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Details Released

NC State will lose 440 faculty and staff positions under the $53 million budget reduction plan submitted to the University of North Carolina system last week. The positions include 117 EPA faculty, 117 EPA professional and 206 SPA jobs. Forty percent of the jobs that will be eliminated – 176 – are currently filled.

Many of the jobs cut are vacant faculty, non-tenure-track faculty and instructional support positions, Chancellor Jim Woodward said in his memo to UNC President Erskine Bowles.

While the overall budget reflects a 10 percent reduction in state funding, colleges took smaller cuts, ranging from 3.36 percent for Humanities and Social Sciences to 8.55 percent for Textiles, Woodward said.

“We allocated smaller reductions to academic units, yet we are still losing enough non-tenure-track faculty and teaching assistants that our instructional capacity will drop by about 3 percent,” he wrote.

NC State will lose 300 class sections and 9,750 seats. While general education classes were protected to a large extent, students will see larger class sizes and possible graduation delays. Study abroad, leadership, service learning and research opportunities will be reduced because of cuts in staffing and academic support programs.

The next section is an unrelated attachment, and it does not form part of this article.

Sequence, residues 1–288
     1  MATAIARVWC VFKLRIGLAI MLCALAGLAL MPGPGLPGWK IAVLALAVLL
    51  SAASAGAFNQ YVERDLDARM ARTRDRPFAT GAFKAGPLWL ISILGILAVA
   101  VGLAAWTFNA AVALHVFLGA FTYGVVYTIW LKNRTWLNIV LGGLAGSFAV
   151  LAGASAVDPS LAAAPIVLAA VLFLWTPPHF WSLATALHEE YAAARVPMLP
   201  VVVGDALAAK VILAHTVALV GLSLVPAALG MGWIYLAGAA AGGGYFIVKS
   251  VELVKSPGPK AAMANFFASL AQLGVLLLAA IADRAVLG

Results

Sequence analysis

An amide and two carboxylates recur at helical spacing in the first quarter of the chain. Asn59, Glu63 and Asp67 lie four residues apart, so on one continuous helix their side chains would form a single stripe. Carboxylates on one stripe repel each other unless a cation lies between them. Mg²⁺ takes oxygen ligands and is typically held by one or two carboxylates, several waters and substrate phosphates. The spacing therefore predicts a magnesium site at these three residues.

Woodward said long-term impacts of the cuts include slower enrollment growth and “erosion in core faculty expertise.” Grant and contract funding for research and extension programs that benefit North Carolinians also will suffer, he said. In addition, funding reductions for Agricultural Research and Cooperative Extension Service programs will adversely impact research supporting the state’s $70 billion agricultural sector and science-based education programs delivered in partnership with the state’s 100 counties and the Cherokee Tribal Council.

The budget proposal, which was submitted July 22 after more than eight months of effort, will be reviewed at the UNC system level. Once the state budget is finalized, the UNC Board of Governors will consider NC State’s proposed budget for final approval.

The 10 percent reduction allows for an expected 6 to 7 percent cut in state funding, along with 3 percent to protect NC State in the event tax revenues remain low and the state takes back funding in a budget reversion, as it did last year.

If the budget reduction is less than expected, Woodward said his top priority is additional funding for undergraduate education, particularly general education courses.